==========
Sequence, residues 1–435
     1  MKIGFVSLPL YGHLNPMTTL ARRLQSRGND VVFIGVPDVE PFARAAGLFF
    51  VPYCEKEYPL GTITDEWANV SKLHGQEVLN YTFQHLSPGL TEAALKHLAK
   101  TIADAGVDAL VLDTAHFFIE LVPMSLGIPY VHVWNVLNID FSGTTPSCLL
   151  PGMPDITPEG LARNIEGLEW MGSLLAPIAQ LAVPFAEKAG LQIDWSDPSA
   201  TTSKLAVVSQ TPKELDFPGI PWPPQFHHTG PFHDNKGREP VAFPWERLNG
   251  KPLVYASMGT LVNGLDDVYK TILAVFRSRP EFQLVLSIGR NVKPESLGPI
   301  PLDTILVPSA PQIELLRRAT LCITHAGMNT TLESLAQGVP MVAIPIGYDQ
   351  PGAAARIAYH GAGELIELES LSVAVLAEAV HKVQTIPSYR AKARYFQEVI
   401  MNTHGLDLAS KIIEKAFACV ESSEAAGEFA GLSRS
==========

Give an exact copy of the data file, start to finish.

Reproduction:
Sequence, residues 1–435
     1  MKIGFVSLPL YGHLNPMTTL ARRLQSRGND VVFIGVPDVE PFARAAGLFF
    51  VPYCEKEYPL GTITDEWANV SKLHGQEVLN YTFQHLSPGL TEAALKHLAK
   101  TIADAGVDAL VLDTAHFFIE LVPMSLGIPY VHVWNVLNID FSGTTPSCLL
   151  PGMPDITPEG LARNIEGLEW MGSLLAPIAQ LAVPFAEKAG LQIDWSDPSA
   201  TTSKLAVVSQ TPKELDFPGI PWPPQFHHTG PFHDNKGREP VAFPWERLNG
   251  KPLVYASMGT LVNGLDDVYK TILAVFRSRP EFQLVLSIGR NVKPESLGPI
   301  PLDTILVPSA PQIELLRRAT LCITHAGMNT TLESLAQGVP MVAIPIGYDQ
   351  PGAAARIAYH GAGELIELES LSVAVLAEAV HKVQTIPSYR AKARYFQEVI
   401  MNTHGLDLAS KIIEKAFACV ESSEAAGEFA GLSRS